And then another email, from Daniel of the “Bunte Welt” (which means “world of colours” in German). We had met him at the Toy Fair. He runs an indoor playground here in Dresden with various play stations. You can do pretty much anything there: racing dinkies, playing with knights in castles, playing board games, doing lego, trying tactile games … you name it. It’s essentially a huge play room for kids and adults. Daniel said in his email that he really liked our pictures. He was wondering if we were interested in working together. Wow!
Yes, of course, we replied and visited him in his play oasis. We could see it too: it was the ideal place for our pictures. Daniel took care of everything: production, picture hanging, advertising, press releases. And what did we do? We didn’t even have time to go and look at our own pictures in the “Bunte Welt”. But we will. Promise. Soon. Next week for sure!
In between all of this, every so often, we have those moments when we get an urge to do a new picture. I felt this urge in November. So I told Mic about my idea: an online advent calendar. 24 days, 24 Christmas scenes. A little personal challenge, if you will. Just to get back in touch with the community and have a bit of fun. Something to try out. Something new.
So you are familiar with the hectic pre-Christmas season, yes? Oh man! We definitely shot ourselves in the foot with this one! Nevermind work and getting ready for the family Christmas. Now we had started a 24-day project. We needed a full Saturday and two night shootings to get the 24 scenes into the box. And that’s not counting the hours to prepare and put together props, or the time spent on the pictures once they were taken. Having said that, the response from the community definitely put us into the Christmas spirit. It was amazing! We had so much positive feedback – we couldn’t believe it, particularly since we hadn’t been very active on Instagram. Excellent! We quickly felt it had been worth the effort.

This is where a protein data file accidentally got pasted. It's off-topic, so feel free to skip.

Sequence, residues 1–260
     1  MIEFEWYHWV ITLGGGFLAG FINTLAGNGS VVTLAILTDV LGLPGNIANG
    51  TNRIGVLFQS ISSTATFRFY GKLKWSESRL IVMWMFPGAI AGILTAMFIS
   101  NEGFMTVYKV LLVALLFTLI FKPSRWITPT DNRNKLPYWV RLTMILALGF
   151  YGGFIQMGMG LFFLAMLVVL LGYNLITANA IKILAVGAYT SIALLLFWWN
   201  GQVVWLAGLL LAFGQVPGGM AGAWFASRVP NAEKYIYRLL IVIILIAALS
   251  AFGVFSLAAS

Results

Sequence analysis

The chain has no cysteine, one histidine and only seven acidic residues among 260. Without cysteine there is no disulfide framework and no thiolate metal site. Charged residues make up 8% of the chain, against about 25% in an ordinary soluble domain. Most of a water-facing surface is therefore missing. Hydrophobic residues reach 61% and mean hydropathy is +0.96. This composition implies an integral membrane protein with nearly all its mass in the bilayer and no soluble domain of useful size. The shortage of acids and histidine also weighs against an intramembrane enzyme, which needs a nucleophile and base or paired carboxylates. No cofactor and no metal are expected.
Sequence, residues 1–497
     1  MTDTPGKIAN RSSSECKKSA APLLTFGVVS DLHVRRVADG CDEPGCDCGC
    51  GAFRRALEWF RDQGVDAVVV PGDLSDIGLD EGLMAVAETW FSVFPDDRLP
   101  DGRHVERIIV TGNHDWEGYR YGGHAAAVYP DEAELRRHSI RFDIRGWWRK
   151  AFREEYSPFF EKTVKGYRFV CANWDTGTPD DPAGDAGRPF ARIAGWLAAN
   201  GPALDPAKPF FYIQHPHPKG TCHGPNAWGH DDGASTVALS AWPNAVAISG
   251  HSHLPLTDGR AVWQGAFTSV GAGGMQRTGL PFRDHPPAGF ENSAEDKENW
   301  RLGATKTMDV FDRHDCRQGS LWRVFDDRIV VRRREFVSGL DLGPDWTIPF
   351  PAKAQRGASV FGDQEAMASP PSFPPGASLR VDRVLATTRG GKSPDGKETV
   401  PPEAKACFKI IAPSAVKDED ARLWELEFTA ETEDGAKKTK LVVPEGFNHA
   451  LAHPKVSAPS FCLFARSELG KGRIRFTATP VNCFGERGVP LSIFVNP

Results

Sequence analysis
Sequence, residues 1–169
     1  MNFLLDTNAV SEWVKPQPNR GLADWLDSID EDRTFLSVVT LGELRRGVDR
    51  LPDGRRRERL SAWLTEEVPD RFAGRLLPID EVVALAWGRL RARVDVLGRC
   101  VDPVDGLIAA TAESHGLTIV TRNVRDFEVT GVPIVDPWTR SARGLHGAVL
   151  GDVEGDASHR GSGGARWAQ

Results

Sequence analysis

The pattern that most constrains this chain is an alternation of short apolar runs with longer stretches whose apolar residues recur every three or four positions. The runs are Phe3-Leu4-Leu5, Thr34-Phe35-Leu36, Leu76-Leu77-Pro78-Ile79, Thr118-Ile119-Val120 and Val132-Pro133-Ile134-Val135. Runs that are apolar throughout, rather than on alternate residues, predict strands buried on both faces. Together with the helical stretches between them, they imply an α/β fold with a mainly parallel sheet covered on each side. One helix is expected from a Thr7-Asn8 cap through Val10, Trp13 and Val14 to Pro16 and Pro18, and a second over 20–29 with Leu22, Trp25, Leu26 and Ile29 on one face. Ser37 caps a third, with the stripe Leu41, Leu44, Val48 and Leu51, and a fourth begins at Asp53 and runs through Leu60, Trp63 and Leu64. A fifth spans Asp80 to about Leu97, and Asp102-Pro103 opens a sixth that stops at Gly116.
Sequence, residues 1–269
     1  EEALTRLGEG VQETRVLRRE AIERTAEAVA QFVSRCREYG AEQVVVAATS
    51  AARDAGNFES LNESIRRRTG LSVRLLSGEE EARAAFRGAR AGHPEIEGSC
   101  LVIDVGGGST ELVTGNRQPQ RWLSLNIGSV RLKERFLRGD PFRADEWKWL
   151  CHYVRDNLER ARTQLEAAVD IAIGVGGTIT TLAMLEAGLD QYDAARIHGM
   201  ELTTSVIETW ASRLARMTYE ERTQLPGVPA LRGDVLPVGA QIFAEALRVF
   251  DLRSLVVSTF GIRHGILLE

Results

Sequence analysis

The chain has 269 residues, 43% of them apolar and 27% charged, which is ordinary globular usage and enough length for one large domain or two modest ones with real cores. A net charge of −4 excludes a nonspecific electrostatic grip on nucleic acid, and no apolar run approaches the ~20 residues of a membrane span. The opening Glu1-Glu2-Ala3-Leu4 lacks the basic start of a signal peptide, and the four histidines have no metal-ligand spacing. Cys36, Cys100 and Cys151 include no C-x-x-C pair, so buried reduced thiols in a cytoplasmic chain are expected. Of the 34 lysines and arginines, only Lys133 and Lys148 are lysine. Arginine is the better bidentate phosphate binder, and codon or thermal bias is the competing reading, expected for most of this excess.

Oh yes … and just before Christmas we got another email from the Trade Fair Grounds. Would we be interested in an exhibition in January as part of a New Art Trade Show. We can have thirteen walls altogether. For free. Wow again! We turned down the offer.
And 2018? Not a clue! We don’t have a plan, just a couple of ideas. We’ll have to see if we can find the time to work on these. We’ll cook up something, I’m sure. Even if that is no child’s play either!
Thank you to all readers and visitors.
Thank you to our families.
Mic and Sören